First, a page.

Home on the (Open) Range: James Walsh's Open Range Gravel Replay
I kicked off my season at Open Range Gravel in Pratt, Kansas on April 29th. This was the third time I've raced at Open Range and it's one of my favorite courses. It has a bit of everything: super fast gravel, sand, technical ranch sectors, and as always with the midwest in the spring: plenty of wind.
I went into the race with solid winter and spring of training behind me, but my build-up was different than it has been in the past few years. I changed things up quite a bit training-wise this year. I had a really good season last year with a lot of podiums and some overall wins, but I felt there were still some holes in my fitness and areas in which I could improve. I think one of the reasons I've lasted almost 20 years in endurance sports is that I love the training, as well as the whole process of building into a season.
I'm a network engineer and I spend my "work" days designing, deploying, troubleshooting, and optimizing global networks. I take the mindset required for that and apply it to my training. I was able to look at last year and all the racing I did and find the areas I thought I could improve. Some of that is just race tactics and as gravel racing continues to grow and all races keep getting more competitive that tactical side is super important. The other side is fitness, and while I knew I was fit there were areas I needed to improve on. I've always been a solid climber and good at attacking rollers but in races, I would suffer more than I should on the flatter sections while riding in groups with all the surging.
So, this winter I wanted to work on putting out more power on the flats and in race situations. For on-the-bike intervals, I did a lot of Over-Under (lactate clearance) workouts where I would surge for 30-60 seconds over my threshold and then settle in for 2-5 minutes at or below threshold and keep repeating that. I combined that with some big gear/high torque work and a lot of strength work off the bike. I wanted to increase my absolute power and put on some muscle. Most cyclists don't want to lift weights due to a fear of putting on muscle (which means weight), but that was exactly what I was trying to do. Most gravel races are not won or lost on long climbs, so watts per kilogram aren't as important as some people may think. I just wanted to be able to put out more raw power on the bike.
I also wanted to train a bit less and take a more polarized approach, which meant making hard days harder, easy days easier, and taking more days off. Like most of us, I have a lot going on outside of riding my bike. My job is always full blast, as my daughter gets older and more competitive her soccer season/schedule takes up a lot more time (which I love), and my wife and I are in the middle of many projects on our house... so yeah, I have a lot going on and wanted to make my training a bit more focused and cut anything this isn't needed or is just filler volume.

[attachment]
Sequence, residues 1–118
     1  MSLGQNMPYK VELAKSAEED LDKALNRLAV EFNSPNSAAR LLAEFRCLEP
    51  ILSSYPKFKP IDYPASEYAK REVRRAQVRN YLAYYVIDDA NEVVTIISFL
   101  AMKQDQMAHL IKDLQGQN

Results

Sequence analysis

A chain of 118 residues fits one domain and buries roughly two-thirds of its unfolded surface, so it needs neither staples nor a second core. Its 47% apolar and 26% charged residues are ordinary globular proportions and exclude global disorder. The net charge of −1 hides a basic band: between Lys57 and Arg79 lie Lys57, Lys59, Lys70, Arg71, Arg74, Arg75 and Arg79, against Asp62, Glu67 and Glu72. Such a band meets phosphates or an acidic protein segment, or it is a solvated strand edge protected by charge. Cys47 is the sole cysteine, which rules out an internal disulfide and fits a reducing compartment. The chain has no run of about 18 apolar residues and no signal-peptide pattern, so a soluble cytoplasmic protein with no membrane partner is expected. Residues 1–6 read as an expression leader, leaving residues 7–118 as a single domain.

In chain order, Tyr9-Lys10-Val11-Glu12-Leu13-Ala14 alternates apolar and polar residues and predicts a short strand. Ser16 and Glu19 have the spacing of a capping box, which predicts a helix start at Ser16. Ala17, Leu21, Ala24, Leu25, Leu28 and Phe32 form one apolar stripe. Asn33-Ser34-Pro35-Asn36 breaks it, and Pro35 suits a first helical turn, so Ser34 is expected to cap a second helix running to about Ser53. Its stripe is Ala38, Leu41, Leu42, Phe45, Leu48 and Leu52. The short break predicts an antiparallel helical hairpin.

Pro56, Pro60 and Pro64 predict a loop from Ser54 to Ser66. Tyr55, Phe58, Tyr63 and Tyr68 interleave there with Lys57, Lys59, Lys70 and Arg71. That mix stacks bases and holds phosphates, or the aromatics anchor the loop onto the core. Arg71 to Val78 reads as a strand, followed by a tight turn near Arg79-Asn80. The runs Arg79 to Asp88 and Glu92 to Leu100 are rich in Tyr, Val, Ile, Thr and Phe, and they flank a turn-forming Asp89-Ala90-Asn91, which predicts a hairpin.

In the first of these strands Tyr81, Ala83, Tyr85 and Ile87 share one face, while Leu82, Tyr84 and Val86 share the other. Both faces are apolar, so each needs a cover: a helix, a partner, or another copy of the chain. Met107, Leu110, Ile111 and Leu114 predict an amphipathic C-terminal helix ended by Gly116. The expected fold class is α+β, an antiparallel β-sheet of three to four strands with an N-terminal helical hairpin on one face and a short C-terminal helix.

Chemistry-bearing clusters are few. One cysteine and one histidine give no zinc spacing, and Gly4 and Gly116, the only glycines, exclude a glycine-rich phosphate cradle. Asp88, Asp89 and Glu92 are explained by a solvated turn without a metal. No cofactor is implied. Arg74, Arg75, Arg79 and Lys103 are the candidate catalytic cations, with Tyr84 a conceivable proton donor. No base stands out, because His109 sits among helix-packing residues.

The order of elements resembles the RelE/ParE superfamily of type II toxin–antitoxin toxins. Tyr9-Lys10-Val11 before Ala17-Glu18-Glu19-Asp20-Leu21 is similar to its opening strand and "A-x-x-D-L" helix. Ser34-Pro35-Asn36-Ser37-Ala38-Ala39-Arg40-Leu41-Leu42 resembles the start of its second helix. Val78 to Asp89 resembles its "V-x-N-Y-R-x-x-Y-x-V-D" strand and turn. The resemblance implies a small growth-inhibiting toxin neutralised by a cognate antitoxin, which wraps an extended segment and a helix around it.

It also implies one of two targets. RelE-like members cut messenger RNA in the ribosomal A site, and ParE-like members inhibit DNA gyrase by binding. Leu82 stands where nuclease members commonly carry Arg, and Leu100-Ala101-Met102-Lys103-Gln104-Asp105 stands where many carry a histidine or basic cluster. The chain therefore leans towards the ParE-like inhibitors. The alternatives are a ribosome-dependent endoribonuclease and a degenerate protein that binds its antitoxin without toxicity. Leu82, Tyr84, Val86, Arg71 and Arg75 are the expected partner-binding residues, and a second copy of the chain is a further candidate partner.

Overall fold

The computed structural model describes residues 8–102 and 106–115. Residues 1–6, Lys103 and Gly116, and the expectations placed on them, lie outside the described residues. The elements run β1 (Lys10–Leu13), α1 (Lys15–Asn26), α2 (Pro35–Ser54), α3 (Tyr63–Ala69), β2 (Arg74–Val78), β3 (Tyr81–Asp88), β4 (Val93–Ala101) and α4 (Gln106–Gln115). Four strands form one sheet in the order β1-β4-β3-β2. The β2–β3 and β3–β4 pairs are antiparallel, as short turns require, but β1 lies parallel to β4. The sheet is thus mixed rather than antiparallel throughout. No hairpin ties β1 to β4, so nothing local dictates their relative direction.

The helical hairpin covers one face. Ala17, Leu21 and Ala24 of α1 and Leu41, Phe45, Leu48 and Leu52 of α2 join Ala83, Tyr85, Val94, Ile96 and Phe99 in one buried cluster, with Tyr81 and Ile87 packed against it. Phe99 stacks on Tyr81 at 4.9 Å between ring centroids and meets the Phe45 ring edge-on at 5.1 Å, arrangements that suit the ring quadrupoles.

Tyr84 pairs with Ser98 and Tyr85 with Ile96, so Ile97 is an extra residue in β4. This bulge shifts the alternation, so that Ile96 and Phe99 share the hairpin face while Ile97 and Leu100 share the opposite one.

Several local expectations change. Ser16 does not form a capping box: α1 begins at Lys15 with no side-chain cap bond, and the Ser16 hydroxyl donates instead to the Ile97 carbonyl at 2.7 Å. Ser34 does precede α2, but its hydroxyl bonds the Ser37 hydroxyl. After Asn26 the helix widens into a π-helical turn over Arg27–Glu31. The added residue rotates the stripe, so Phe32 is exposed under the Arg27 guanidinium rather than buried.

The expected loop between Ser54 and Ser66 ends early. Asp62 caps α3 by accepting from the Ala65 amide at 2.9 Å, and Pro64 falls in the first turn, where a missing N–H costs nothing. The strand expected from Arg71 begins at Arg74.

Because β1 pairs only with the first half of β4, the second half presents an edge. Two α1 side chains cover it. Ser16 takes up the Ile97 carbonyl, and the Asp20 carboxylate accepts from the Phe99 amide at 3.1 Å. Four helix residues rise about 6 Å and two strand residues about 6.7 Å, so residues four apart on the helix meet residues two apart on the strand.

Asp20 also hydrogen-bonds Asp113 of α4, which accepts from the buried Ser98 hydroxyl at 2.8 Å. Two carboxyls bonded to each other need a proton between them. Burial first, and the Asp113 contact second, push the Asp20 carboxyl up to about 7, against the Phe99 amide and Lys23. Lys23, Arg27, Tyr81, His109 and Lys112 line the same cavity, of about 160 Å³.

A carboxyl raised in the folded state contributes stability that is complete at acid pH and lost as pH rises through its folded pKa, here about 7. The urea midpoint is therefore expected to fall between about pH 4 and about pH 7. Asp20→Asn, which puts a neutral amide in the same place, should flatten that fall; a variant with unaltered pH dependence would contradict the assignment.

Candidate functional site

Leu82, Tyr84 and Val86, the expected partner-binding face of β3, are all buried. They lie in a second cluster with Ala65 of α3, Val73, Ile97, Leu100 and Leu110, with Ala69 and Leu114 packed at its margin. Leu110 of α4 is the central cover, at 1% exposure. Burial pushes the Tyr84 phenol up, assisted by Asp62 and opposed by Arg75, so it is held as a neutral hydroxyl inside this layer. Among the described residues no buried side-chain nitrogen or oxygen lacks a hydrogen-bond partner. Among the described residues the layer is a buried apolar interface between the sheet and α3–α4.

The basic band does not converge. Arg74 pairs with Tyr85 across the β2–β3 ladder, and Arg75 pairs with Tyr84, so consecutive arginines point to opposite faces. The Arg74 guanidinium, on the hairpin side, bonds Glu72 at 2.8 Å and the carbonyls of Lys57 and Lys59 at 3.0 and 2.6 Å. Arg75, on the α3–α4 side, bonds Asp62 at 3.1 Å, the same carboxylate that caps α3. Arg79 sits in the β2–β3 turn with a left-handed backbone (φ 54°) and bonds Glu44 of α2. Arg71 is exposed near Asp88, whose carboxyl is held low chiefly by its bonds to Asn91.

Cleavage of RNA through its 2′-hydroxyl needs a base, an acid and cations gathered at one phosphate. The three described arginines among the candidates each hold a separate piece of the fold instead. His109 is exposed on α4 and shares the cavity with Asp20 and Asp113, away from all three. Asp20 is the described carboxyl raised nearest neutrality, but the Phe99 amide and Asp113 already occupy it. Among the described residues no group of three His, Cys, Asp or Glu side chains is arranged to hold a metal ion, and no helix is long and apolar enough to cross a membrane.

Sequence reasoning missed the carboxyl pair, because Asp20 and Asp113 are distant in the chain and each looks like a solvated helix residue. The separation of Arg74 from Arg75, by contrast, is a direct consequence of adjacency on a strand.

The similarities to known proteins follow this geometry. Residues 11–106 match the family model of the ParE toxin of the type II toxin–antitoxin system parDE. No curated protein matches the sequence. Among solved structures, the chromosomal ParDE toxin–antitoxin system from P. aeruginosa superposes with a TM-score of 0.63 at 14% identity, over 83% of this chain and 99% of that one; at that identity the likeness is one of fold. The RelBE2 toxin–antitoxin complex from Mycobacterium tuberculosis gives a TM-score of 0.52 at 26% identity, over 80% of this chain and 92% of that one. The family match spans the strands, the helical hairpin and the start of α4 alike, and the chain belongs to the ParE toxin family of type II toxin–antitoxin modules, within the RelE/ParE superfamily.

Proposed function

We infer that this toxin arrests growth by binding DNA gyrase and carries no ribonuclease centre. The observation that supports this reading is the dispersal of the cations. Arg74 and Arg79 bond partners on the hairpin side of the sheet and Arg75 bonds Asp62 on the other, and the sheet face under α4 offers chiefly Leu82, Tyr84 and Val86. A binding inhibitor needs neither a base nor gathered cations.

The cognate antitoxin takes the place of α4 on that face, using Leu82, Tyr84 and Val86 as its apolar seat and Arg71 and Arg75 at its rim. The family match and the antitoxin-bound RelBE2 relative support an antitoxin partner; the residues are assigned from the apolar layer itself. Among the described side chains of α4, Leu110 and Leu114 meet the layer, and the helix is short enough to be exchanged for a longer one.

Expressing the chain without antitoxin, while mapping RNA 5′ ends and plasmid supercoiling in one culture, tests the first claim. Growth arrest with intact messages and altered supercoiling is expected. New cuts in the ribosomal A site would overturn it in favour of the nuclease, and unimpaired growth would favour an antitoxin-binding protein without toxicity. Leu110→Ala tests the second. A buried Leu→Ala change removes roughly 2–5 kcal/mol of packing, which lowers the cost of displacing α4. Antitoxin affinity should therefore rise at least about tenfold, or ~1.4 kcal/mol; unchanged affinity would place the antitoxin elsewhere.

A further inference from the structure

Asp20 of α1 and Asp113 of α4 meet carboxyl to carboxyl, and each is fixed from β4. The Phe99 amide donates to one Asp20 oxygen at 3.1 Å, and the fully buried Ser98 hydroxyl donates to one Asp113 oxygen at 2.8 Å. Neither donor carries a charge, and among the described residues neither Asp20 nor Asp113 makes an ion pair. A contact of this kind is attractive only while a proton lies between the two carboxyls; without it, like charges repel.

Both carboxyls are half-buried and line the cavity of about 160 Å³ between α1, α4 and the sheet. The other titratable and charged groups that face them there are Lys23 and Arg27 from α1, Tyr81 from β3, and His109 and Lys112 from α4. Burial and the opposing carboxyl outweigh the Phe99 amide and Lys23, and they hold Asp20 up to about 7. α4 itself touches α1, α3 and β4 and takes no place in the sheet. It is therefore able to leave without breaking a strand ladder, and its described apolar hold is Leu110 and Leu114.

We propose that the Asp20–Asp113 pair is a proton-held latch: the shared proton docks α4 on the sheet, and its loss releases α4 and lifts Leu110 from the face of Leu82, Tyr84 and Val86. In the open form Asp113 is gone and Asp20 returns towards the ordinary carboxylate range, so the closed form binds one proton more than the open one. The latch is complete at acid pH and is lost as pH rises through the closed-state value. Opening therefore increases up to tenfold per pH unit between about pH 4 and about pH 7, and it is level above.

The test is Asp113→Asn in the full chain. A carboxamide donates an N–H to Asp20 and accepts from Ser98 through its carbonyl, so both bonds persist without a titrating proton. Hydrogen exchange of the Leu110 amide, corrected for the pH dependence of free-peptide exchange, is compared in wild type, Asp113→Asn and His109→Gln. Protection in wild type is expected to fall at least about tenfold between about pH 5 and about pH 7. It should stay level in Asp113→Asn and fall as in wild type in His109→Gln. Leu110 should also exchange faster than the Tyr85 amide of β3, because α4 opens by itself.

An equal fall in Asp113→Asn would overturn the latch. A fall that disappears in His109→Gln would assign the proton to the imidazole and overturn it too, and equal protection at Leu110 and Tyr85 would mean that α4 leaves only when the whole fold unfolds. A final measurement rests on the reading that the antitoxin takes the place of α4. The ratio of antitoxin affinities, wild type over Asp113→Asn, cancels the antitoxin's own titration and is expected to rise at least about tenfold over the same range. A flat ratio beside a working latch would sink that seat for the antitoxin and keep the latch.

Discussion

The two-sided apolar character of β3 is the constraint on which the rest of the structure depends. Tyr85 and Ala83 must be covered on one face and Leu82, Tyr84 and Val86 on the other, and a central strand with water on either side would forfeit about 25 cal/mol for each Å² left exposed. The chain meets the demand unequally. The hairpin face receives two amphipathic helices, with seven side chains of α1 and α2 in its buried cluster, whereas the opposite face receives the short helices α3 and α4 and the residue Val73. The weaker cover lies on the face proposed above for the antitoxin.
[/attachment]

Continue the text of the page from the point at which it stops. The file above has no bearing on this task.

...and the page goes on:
The training has worked. I have put on a couple of pounds of muscle, my FTP is higher coming out of the winter than it's ever been, and I am hitting PRs in training, which after almost 20 years of training, is kind of blowing my mind.
I rolled into Open Range with a lot of confidence and stoke to race but also knew the first race of the year is always a punch in the face. No matter how hard you train the first race is always a shock to the system—or it is for me.
I joked around before the race that I’d be racing a super strong “kid”, Chris Melham (he’s 22 years younger than me!), and that ended up being the case… for the first 50 miles at least.
We started as a strong group that whittled down to just 4 by the time we hit the first aid station at mile 35. Shortly after Chris attacked which caught the three of us off guard. By the time we hit the ranch/technical section, Chris had 45 seconds on me and I had the same on the third and fourth-place cyclists. I went for it at the ranch knowing it would be my only chance to get back to him… and I did. We exited the ranch together. I had been working hard at this point just to stay with Chris (avg power 286/315) for the first 2.5 hours.
At mile 50 I had a decision to make. We had a cross/tailwind, so sitting in wasn’t helping me much and I was burning matches to just hang on with a hard 70-plus miles to go. I decided to back it off and do my best to hold on for a second. Chris rode away and that’s the last I would see of him in the race… or anybody for that matter.
I kept my head down and rode just hard enough that if I got caught, I would have enough energy to battle to the line. That never happened. That last 43 miles were into a 20-plus mile per hour headwind and it was so hard… more mentally than physically. In the end, I rode that last 70 miles solo and hung on to second place. Stoked.
My power numbers on the day were the highest ever for a gravel race… which is saying a lot with all the racing I have done over the years. My normalized power was 241 watts (5800+ kilojoules) and I hit my highest ever 10-second (358 watts) and 20-second (346 watts) power. I've been training with power since 2009 so to hit lifetime PRs is just crazy. I felt really strong in the race but didn't have my normal snap and I think that was just not nailing my taper which is something I'll be working on going forward.
The race leaves me with a lot of confidence and has me itching to race again very soon.Shop James Walsh's GVR